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Raspberry Pi Image Cruncher Part 2: Preparing the Pi

August 6, 2014 11:12 pm Leave your thoughts
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Raspberry PiWelcome to Part 2 of the Raspberry Pi Image Cruncher. We will talk about preparing the Raspberry Pi for our image cruncher.

We know that we will use Python with ImageMagick  for resizing and Own Cloud for the image sharing medium. To do that we have to make sure our Raspberry Pi have all the pre-requisite libraries.

Image Libraries

The resizing library that we will use is ImageMagick via Wand. I have chosen to use Wand as it’s one of the simplest one that can be used from a Python script.

Installing Wand is straightforward, however we do need PIP for easier installation. The Raspbian version that I use does not have PIP yet, therefore I had to install it first.

So let’s install PIP using get-pip.py:

  1. Download the get-pip.py script from here: https://raw.githubusercontent.com/pypa/pip/master/contrib/get-pip.py
  2. You can put the file anywhere in the Raspberry Pi
  3. Run the following command: sudo python get-pip.py
  4. Don’t forget to use sudo
  5. If installation goes well, when you run pip -h from the command line, you’ll see the help screen.

After installing PIP, all we have to do is install the Wand libraries.

This should be enough for our resizing library preparations.

OwnCloud Access

Another requirement that we have is to be able to access the files uploaded from the phone via OwnCloud. Thankfully, OwnCloud has support for WebDav therefore it’s possible to access the uploaded files via external scripts such as python scripts.

Note that we use WebDav because it’s not good to access the files from OwnCloud directories directly. Things like incomplete files being accessed might happen that way.

Anyway, to prepare for this we just need to install the DavFs and configure it for our access.

The commands above install the davfs support as well as ensuring that the fuse device is recognized by the system. In addition, adding the pi user (or if you are using a different user adjust this) to the davfs2 group ensures that every files mounted using davfs will be accessible to the user.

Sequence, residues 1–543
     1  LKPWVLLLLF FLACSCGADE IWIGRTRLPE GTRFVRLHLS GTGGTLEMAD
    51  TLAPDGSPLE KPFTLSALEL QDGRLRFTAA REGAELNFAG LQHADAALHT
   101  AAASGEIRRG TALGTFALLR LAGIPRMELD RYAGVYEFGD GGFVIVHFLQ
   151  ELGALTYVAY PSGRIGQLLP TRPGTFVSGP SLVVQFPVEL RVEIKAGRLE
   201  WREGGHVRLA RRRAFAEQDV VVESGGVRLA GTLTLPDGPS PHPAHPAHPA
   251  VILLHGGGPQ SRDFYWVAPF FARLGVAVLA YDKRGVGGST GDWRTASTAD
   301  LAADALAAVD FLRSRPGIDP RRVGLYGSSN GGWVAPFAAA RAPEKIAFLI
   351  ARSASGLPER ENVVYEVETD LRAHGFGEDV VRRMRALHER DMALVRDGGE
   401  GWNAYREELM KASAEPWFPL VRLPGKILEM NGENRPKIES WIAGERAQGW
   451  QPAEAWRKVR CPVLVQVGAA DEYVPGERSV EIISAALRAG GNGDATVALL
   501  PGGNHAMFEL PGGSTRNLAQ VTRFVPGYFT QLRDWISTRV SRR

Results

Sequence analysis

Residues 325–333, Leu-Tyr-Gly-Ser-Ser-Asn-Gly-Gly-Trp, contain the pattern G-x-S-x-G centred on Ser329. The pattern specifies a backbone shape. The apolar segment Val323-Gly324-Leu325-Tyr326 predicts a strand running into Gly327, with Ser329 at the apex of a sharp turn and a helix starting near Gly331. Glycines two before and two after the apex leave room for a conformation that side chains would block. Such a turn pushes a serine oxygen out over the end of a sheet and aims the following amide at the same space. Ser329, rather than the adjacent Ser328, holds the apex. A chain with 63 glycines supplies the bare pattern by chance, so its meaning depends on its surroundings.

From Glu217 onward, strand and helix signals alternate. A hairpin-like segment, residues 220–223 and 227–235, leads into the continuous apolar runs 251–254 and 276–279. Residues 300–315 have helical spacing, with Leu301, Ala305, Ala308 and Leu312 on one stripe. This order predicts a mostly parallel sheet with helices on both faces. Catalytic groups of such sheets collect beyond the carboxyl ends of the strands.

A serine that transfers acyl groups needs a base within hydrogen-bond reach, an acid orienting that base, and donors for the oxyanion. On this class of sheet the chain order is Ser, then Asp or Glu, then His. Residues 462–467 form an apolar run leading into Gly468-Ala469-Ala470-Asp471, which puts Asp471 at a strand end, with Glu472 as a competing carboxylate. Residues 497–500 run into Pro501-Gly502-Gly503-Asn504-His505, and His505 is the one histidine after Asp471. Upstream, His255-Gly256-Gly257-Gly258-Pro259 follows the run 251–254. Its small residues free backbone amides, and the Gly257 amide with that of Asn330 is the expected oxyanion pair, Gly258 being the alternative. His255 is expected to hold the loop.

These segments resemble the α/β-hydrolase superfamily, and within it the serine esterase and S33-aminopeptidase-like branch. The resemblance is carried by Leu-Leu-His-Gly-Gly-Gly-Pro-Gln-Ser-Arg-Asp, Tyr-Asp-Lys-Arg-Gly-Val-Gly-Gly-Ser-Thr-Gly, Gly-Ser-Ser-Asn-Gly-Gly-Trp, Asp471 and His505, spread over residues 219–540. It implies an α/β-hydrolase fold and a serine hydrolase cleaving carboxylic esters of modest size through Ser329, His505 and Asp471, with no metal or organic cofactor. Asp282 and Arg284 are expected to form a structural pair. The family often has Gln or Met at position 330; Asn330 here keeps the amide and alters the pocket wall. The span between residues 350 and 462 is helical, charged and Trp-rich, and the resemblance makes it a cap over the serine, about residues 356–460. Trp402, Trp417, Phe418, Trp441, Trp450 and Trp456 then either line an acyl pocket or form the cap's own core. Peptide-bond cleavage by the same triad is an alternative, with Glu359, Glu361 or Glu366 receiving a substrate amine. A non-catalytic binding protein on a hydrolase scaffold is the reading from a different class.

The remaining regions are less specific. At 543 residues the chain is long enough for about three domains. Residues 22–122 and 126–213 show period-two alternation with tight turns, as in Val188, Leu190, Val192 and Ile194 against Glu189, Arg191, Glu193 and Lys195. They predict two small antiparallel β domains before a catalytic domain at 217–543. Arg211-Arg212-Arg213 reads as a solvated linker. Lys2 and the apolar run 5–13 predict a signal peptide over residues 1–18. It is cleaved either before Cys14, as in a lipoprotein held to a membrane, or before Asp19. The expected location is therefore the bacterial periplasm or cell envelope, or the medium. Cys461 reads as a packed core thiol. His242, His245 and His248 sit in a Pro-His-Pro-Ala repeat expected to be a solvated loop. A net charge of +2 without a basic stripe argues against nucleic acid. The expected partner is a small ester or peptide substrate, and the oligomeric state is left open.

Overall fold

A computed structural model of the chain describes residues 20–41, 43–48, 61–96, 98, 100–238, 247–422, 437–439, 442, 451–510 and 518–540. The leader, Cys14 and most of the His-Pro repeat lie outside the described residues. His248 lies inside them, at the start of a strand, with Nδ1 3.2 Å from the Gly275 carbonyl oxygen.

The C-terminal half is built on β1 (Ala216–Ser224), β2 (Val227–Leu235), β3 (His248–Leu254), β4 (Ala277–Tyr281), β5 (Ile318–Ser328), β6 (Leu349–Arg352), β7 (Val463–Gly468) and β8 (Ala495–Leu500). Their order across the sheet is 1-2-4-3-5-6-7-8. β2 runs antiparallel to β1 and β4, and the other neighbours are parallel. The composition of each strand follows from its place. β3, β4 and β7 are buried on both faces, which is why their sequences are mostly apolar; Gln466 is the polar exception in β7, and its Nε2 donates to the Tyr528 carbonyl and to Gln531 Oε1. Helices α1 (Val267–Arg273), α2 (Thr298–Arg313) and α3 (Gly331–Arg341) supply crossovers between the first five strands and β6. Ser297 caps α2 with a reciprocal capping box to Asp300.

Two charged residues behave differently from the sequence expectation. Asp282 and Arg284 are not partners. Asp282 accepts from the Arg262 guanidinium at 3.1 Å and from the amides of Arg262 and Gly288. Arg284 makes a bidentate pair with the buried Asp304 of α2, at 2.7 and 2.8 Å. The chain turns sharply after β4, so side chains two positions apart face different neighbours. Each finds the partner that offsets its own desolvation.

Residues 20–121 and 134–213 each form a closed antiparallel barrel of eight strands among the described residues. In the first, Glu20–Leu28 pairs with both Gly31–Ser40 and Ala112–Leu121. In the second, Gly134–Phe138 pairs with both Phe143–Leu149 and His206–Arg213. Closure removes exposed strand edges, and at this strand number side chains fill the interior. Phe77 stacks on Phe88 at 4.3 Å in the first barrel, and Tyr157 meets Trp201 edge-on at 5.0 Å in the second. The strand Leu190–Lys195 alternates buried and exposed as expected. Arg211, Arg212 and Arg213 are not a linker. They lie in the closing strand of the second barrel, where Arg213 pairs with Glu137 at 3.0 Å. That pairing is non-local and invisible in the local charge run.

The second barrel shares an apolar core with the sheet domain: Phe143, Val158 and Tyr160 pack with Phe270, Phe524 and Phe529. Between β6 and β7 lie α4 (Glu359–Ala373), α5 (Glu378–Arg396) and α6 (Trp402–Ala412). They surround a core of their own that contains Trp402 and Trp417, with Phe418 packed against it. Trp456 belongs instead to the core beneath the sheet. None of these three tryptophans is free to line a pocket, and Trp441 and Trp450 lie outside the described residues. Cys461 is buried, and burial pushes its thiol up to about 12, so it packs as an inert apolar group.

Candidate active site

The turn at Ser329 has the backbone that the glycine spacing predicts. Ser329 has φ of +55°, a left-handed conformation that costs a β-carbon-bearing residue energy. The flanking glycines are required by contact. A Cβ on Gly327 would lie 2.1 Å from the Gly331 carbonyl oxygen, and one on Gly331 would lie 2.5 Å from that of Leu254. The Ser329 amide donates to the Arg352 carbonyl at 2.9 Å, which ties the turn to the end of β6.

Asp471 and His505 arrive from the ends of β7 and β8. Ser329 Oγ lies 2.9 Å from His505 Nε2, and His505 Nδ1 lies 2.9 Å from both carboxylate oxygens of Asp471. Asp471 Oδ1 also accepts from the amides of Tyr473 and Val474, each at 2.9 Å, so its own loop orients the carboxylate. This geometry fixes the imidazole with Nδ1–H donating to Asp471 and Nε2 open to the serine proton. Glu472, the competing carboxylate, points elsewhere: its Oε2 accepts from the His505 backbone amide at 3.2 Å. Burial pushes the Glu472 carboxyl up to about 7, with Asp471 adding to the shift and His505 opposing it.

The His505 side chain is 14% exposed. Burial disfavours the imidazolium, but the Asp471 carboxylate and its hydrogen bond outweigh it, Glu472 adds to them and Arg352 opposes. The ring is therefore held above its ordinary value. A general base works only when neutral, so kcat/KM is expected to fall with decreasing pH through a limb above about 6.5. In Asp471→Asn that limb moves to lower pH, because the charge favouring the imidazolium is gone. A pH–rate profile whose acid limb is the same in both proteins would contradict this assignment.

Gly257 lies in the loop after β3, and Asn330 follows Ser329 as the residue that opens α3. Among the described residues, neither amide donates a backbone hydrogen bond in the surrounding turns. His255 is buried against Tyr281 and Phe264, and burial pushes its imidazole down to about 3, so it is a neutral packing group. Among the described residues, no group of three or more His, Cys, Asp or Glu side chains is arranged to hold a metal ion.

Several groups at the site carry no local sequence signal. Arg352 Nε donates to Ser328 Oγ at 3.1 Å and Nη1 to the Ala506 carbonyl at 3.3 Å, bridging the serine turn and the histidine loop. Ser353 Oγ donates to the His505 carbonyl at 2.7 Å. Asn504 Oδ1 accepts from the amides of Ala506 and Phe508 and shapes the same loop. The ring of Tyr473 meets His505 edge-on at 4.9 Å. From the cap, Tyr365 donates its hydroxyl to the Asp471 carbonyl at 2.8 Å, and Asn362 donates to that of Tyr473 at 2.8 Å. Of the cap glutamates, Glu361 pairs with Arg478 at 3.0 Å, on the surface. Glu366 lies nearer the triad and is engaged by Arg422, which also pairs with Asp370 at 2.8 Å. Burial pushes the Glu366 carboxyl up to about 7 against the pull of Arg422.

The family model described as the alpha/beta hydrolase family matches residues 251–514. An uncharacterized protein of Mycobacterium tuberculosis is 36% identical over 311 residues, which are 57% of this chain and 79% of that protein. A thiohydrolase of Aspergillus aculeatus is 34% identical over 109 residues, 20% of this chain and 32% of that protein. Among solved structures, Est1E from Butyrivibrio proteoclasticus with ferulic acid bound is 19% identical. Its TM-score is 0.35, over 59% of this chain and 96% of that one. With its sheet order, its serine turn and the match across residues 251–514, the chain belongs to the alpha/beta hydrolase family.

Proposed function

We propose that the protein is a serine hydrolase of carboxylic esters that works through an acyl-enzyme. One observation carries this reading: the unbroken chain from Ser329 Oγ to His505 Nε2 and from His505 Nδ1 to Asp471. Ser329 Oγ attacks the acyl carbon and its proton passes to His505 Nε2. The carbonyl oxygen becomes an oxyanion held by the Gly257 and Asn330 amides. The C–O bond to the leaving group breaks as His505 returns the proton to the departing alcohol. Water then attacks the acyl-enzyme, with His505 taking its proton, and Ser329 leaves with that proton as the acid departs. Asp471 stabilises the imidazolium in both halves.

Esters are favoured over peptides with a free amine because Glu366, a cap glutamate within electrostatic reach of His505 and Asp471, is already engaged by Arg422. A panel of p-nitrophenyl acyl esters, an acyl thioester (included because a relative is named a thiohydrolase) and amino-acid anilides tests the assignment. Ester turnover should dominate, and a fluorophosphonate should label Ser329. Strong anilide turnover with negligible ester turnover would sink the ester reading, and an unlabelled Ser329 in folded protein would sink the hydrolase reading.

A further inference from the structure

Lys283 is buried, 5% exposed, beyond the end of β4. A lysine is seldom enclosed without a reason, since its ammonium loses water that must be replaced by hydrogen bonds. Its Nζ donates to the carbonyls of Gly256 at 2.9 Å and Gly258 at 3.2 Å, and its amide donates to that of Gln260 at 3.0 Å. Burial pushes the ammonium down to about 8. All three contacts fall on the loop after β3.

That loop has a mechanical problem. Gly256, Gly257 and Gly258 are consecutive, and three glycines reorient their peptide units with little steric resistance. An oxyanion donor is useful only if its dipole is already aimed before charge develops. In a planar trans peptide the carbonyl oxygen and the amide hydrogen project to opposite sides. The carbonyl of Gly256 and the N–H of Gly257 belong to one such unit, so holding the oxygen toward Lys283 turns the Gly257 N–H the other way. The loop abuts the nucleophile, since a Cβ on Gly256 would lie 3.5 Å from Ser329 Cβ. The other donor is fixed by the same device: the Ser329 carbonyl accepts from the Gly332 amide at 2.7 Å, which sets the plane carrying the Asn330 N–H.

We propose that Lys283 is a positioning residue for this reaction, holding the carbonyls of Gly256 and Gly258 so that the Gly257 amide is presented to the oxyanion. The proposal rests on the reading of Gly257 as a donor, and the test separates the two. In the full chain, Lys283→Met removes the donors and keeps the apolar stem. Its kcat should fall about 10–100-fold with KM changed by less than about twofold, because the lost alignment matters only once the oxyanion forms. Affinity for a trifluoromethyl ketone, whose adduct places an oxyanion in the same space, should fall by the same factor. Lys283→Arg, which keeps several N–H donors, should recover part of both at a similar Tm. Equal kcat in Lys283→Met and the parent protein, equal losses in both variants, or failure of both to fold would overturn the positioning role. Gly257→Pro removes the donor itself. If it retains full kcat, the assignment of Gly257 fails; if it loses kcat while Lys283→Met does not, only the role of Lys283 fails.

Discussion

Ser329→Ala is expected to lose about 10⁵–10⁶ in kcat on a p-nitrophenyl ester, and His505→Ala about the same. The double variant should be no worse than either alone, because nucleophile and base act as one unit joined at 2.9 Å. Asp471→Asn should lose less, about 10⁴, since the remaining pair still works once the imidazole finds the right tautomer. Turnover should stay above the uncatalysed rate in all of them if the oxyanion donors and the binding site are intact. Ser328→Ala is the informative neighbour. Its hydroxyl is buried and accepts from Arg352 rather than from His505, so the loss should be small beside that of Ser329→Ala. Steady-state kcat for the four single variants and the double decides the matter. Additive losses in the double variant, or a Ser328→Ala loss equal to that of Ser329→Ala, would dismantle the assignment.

Once installed we then configure the davfs for our owncloud access.

First we create the directory to house our davfs2 configurations.

Then we create the configuration file, which is called secret

Add the following information to the secrets file

Naturally change the <owncloud_username> and <owncloud_password > to your own OwnCloud account.

Lastly we need to setup the mount so that we can access our OwnCloud files from within the Raspberry Pi console. In this tutorial we will use owncloud directory in the home directory to house the mounted DavFs Owncloud files. So let’s create the owncloud directory.

Then we edit the file /etc/fstab, add the following command at the end of the file. This ensures mount paths for the DavFs is setup properly to the directory that we just created.

Execute the command sudo mount -a to test out if the mount is done properly. If it is then as soon as you cd ~/owncloud/ you will see your account’s files.

Continue to Part 3: The Script

This concludes part 2 preparation of the Raspberry Pi Image Cruncher. We will talk about the actual resizing script and automation on part 3.

 

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